A few days later, we found out that Dr. Dao suffered a concussion, lost his two front teeth, and got his nose broken during the fiasco that United described as an attempt to “re-accommodate” a passenger. And on that same day, on a flight to Calgary, in business class, a scorpion dropped out of the overhead compartment onto a passenger’s head and stung him…on United. OMG!

So, in case anyone was wondering, it’s official. This is a crisis! Some tips for the CEO on how to handle:

Start with your own humanity

Remember that you are human and so is your customer. Sit quietly and start there. Ask yourself what that implies about how you move forward. Do not start by consulting the General Counsel or a crisis specialist PR firm. Start by consulting yourself. Once you have grounded yourself in your own humanity you are ready to take the next step. If you do this, you will avoid having to think about the next tip.

Do not blame the victim

I am going to assume that you had not seen the video when you called Dr. Dao “disruptive.” Never blame the victim. You are in the service business. In the service business, the customer is always right – remember? The airline business is an empathy and trust business. Who can trust someone who is willing to blame a passenger for wanting to get to their destination unmolested while imbibing water and a few peanuts, all the while foregoing personal space? In this case, not only do you appear to be lacking in empathy and trustworthiness, you appear irrational in the context of the video of Dr. Dao being dragged off the plane.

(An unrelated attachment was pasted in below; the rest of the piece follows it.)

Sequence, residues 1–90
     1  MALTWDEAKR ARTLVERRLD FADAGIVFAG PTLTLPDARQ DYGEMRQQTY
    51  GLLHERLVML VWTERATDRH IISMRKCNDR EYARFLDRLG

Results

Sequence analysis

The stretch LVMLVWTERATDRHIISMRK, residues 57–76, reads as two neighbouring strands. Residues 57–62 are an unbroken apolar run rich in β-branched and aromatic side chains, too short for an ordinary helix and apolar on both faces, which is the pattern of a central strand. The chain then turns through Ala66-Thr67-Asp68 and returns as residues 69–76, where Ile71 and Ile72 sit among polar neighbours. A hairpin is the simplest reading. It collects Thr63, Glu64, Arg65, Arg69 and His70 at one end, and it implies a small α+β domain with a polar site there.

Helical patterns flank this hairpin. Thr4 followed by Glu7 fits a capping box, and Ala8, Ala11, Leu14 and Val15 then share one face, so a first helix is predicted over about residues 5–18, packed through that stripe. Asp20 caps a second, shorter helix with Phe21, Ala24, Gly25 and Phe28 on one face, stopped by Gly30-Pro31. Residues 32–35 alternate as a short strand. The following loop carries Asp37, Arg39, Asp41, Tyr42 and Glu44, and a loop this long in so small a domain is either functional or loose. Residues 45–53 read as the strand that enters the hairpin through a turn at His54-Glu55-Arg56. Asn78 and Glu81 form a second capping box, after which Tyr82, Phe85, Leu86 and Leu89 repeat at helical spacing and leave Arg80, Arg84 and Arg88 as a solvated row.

Winning a legal argument does not win hearts and minds

Know going into any crisis that in today’s social media world you can win the legal battle and still lose the war for the hearts and minds of your customers. No customers, no revenue. Communications is king/queen.

Trying to put lipstick on a pig is never a good way to go